I have heard of this diet before. One thing that I saw with it that was kind of interesting. It said that Type A people are more prone to being lactose intolerant because the sugar chains on Type B cells are so similar to the lactose sugar. It does make some sense when you think about it those type of correlations.
Not to burst your bubble, but that makes no sound biological sense. Lactose intolerance is determined by an absent or mutated enzyme found in the gut, not by glycoproteins found on RBCs. The only reason people are intolerant is because they can't absorb the lactose in the first place which leads to an osmotic pull in the gut and diarrhea. Once the lactose crosses the gut it wouldn't make one bit of difference what's on the RBCs one way or the other.
It makes me sick that people publish books with bogus info. How in the world is the general public supposed to tell the difference? Then they think their doctors are a__holes when they dismiss these things as rubish and they spend $10,000 on shark cartilage and coffee enemas to try and cure their stage IV cancer when they would have been money ahead and had a much higher chance of survival on standard chemotherapy. Of course the rest of them will do the chemo anyway and credit the shark cartilage for curing their tumor and insist that their oncologist is a money-grubbing charlatan who was out for their money and the quack naturopath that got their education out of a GNC pamphlet is really caring and not in it for the money at all.
Wow I think I went off the deep end.
Much better now.
OK. My mother in law was recommended this by a naturopath. And honestly, it was a healthier diet for her. It recommended a lot of salmon, fresh vegetables, some sorts of beans, etc. And while the base of the diet is ridiculous, if a person on it is eating a well balanced, nutritious diet, then it's probably benign.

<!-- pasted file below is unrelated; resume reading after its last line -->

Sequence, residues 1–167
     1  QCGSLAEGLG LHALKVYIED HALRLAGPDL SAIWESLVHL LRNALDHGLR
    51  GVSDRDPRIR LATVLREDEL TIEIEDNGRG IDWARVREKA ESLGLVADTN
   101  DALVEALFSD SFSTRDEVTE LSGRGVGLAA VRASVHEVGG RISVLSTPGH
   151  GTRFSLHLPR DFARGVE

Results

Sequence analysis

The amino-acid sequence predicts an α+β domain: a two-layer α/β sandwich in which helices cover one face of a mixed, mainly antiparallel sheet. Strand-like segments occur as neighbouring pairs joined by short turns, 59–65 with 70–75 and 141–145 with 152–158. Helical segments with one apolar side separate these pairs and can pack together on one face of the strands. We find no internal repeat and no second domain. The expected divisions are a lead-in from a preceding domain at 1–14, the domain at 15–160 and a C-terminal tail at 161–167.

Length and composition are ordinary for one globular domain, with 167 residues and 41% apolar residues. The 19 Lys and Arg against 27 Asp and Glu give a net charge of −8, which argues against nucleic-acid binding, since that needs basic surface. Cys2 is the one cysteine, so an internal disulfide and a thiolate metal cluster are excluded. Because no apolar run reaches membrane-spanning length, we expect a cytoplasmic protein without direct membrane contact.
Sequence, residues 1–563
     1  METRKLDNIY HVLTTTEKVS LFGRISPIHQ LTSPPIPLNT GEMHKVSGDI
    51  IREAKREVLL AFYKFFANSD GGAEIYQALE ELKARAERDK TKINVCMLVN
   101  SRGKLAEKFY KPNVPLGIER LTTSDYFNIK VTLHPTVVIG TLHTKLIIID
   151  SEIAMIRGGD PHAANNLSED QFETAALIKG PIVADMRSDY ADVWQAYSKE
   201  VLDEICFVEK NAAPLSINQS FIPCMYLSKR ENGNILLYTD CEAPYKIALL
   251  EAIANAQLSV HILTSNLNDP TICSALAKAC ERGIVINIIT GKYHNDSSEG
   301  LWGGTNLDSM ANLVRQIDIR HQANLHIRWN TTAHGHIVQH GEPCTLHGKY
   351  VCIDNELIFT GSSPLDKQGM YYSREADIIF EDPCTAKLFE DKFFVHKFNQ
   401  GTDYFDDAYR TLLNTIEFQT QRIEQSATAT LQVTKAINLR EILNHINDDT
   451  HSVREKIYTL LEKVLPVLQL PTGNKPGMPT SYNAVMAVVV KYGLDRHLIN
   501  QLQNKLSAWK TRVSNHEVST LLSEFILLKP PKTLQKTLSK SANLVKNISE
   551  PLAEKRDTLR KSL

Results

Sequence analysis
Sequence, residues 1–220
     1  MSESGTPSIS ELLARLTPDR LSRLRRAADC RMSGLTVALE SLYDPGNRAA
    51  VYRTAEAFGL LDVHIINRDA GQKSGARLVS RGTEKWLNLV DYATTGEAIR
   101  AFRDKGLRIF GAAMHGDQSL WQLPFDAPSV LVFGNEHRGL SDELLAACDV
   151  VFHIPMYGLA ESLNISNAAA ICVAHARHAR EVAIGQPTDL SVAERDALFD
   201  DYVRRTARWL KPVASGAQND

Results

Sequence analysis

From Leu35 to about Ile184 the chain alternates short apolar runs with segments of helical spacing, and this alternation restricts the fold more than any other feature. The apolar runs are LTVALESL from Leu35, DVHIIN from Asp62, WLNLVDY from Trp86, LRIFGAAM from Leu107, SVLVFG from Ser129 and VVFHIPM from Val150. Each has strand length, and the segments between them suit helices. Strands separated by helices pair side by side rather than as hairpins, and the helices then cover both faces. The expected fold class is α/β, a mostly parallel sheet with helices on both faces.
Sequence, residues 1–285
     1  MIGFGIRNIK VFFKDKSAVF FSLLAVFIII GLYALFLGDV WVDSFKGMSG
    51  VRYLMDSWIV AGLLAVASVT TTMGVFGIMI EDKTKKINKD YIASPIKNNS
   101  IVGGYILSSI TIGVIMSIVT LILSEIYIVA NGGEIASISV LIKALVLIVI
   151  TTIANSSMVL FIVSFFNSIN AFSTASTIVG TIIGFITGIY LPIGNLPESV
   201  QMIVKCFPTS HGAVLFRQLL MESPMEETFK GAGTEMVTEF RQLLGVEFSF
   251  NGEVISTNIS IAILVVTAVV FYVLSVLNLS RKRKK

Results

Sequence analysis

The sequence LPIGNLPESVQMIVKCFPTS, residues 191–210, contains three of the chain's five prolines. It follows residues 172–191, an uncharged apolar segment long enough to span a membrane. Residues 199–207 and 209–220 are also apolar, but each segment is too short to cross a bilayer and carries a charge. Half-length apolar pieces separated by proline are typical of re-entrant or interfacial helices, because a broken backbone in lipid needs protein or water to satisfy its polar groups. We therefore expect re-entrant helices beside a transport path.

I saw the thread about this diet so I thought I'd check it out.
Here is the website for the diet:
His first book was called Eat Right for Your Type and I believe it was a best seller. He has also published cookbooks and stuff like that now. I did this diet for awhile and it was helpful, but then again I found out I have a wheat allergy so the Type O, no grain thing worked well for me.
I never said that this was the sole reason for lactose intolerance. However it does make sense for it to be possible. If there is an immune response to the lactose sugar similar to those sugars found on the end of the glycoproteins on RBC's then you would end up with decreased or very little absorption of the substance and most likely damage to the gut itself followed by many of the symptoms you mention. As a matter of fact this is very similar to the pathophysiology of celiac disease (or at least the most believed theory). I do not personally believe this is a major cause as obviously what we know shows THE cause to be lack of the proper enzyme (or not enough of it ) in the gut. It is unlikely that this process is a major factor in lactose intolerance because although the sugars are similar they are far from identical, however, I was just saying that it does make one wonder about some of these ideas or theories. Although I do have to agree with you about people writing some of the ridiculous books they do and all the junk science the public gets on a daily basis. Actually there was a nice article about this in this months issue of popular science if you're interested.